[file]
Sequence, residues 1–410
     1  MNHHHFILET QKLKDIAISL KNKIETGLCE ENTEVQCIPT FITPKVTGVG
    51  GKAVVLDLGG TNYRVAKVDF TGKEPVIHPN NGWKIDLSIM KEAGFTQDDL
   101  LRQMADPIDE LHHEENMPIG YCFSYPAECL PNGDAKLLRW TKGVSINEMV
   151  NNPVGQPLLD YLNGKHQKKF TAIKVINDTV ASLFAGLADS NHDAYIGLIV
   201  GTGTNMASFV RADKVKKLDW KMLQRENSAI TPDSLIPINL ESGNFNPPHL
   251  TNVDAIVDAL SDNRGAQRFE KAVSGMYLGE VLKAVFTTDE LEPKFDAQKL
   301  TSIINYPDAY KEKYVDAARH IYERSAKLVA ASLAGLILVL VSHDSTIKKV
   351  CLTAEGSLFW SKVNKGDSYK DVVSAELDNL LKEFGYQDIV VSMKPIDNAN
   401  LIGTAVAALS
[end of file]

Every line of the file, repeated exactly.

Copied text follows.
Sequence, residues 1–410
     1  MNHHHFILET QKLKDIAISL KNKIETGLCE ENTEVQCIPT FITPKVTGVG
    51  GKAVVLDLGG TNYRVAKVDF TGKEPVIHPN NGWKIDLSIM KEAGFTQDDL
   101  LRQMADPIDE LHHEENMPIG YCFSYPAECL PNGDAKLLRW TKGVSINEMV
   151  NNPVGQPLLD YLNGKHQKKF TAIKVINDTV ASLFAGLADS NHDAYIGLIV
   201  GTGTNMASFV RADKVKKLDW KMLQRENSAI TPDSLIPINL ESGNFNPPHL
   251  TNVDAIVDAL SDNRGAQRFE KAVSGMYLGE VLKAVFTTDE LEPKFDAQKL
   301  TSIINYPDAY KEKYVDAARH IYERSAKLVA ASLAGLILVL VSHDSTIKKV
   351  CLTAEGSLFW SKVNKGDSYK DVVSAELDNL LKEFGYQDIV VSMKPIDNAN
   401  LIGTAVAALS